methylxanthines adverse
mild toxicity reaction: GI distress and restlessness- monitor theophylline levels to keep within therapeutic range 5-15 mcg/mL
severe reactions can occur with higher therapeutic ranges that can include dysrhythmias and seizures
methylxanthines contraindications
heart disease, hypertension, liver and kidney dysfunction and diabetes
methylxanthines interactions
caffeine increases CNS and cardiac adverse effects of theophylline
caffeine can increase theophylline levels
phenobarbital and phenytoin decrease theophylline levels- when these meds are used with theophylline, increase dosage of theophylline
cimetidine (Tagament), ciprofloxacin (Cipro), and other fluroquinone antibiotics increase theophylline levels- decrease dosage of theophylline
methylxanthines effectiveness
long term control of asthma and COPD
inhaled anticholinergics
ipratropium (Atrovent)
tiotropium (Spiriva)
inhaled anticholinergics MOA
block muscarine receptors of the bronchi, resulting in bronchodilation
inhaled anticholinergic use
relieve bronchospasm associated with COPD
allergen-induced and exercise induced asthma
inhaled anticholinergic adverse
local anticholinergic effects (dry mouth, hoarseness)
inhaled anticholinergic contraindications
peanut allergy because medical preparations may contain soy lectin
caution with narrow-angle glaucoma and benign prostatic hyperplasia due to anticholinergic effects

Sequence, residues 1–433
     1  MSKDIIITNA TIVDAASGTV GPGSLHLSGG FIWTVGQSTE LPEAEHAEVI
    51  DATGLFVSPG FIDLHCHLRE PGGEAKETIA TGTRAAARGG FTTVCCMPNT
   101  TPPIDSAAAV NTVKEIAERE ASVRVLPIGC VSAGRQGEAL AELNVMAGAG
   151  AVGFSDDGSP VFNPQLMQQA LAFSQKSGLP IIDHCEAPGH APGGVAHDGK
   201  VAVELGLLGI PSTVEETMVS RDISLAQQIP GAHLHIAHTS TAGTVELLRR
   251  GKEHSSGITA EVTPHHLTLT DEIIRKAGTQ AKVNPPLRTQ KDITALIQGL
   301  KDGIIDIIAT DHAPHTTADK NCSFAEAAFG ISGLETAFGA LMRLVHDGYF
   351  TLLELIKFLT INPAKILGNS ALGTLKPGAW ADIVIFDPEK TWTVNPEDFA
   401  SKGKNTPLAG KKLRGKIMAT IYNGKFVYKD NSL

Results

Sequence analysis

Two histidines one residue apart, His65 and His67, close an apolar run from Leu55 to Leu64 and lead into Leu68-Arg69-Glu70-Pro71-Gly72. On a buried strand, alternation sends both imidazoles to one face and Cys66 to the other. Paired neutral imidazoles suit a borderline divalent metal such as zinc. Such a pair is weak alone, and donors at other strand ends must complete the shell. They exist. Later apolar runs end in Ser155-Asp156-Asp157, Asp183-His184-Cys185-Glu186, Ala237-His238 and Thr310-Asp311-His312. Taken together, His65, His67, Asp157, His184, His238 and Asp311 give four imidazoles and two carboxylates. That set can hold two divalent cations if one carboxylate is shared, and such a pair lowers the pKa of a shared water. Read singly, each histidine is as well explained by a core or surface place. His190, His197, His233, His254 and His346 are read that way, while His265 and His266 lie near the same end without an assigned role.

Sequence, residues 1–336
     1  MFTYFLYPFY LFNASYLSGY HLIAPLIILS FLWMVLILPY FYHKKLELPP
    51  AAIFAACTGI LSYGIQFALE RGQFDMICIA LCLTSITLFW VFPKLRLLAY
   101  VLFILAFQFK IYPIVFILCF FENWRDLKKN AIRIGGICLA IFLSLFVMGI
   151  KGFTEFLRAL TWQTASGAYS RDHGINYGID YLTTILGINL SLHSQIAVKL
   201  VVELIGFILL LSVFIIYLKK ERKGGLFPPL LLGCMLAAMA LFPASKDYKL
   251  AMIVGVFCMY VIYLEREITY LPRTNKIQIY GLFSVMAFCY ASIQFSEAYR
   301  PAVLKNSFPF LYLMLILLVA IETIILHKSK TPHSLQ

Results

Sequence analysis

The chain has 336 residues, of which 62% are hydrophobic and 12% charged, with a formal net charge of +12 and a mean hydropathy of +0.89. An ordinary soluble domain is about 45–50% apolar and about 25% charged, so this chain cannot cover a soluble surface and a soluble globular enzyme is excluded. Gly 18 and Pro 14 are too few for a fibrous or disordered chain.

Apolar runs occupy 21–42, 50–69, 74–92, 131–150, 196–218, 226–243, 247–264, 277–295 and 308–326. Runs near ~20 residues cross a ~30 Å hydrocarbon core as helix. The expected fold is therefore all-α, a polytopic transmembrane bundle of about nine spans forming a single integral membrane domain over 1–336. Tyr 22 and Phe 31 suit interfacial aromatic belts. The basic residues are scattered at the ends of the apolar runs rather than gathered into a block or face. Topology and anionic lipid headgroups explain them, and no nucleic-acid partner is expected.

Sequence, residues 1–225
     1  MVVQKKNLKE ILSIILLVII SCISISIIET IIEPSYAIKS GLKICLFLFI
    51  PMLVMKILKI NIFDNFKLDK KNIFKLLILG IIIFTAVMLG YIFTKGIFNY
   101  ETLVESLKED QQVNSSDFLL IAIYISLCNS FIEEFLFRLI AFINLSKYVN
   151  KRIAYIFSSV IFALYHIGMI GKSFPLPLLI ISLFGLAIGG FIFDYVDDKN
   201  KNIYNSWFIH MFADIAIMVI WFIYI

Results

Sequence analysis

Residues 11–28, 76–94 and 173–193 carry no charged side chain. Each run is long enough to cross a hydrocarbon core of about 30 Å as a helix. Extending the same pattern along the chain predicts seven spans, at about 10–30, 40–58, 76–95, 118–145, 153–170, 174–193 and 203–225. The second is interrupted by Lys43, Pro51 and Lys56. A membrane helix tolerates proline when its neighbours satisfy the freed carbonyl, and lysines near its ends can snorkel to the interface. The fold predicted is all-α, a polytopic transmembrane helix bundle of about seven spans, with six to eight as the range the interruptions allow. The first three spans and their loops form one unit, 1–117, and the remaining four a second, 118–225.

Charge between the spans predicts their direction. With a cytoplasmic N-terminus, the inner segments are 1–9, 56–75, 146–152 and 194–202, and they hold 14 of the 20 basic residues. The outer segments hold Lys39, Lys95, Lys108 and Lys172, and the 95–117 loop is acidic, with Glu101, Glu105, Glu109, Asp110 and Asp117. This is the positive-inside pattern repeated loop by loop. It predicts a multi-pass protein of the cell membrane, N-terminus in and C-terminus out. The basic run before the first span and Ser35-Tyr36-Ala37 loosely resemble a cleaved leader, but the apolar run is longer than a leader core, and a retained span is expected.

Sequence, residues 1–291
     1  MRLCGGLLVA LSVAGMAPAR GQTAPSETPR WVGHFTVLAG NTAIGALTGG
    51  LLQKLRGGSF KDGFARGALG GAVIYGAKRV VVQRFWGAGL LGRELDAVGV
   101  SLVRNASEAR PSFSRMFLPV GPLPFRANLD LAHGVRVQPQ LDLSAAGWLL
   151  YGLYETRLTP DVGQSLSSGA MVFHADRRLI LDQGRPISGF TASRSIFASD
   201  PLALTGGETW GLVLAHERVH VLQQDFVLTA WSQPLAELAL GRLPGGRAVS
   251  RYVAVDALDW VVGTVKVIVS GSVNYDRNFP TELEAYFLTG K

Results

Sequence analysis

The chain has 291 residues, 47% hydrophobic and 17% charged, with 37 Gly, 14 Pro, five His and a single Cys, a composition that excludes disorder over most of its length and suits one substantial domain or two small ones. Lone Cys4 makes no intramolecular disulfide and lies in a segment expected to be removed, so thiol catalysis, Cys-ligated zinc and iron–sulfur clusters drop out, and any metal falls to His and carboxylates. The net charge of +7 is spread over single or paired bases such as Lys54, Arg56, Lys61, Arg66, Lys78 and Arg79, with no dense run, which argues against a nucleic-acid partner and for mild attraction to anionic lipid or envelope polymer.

inhaled anticholinergic admin
usual adult dosage is two puffs, instruct clients to wit the length of time directed between puffs
of two inhaled meds are prescribed, instruct clients to wait at least 5 min between meds
inhaled anticholinergic effectiveness
control of bronchospasm in clients who have COPD
prevention of allergen-induced and exercise induced asthma
glucocorticoids
inhalation: beclomethasone (QVAR)
Oral: prednisone (Deltazone)
budesonide (Pulmicort)
glucocorticoid
budesonide and formoterol (Symbicort)
glucocorticoid
fluticasone and salmetrerol (Advair)
glucocorticoid
fluticasone (Flovent)
glucocorticoid
mometasone furoate and formoterol fumarate dihydrate (Dulera)
glucocorticoid
prednisolone (Prelone)
glucocorticoid
hydrocortisone sodium succinate (Solu-Cortel)
glucocorticoid
methylprednisolone sodium succinate (Solu-medrol)
glucocorticoid
glucocorticoid MOA
prevents inflammation, supress airway mucus production, and promote responsiveness of beta 2 receptors in the bronchial tree
does not provide immediate effects, but rather promotes decreased frequency and severity of exacerbations and acute attacks
glucocorticoid Use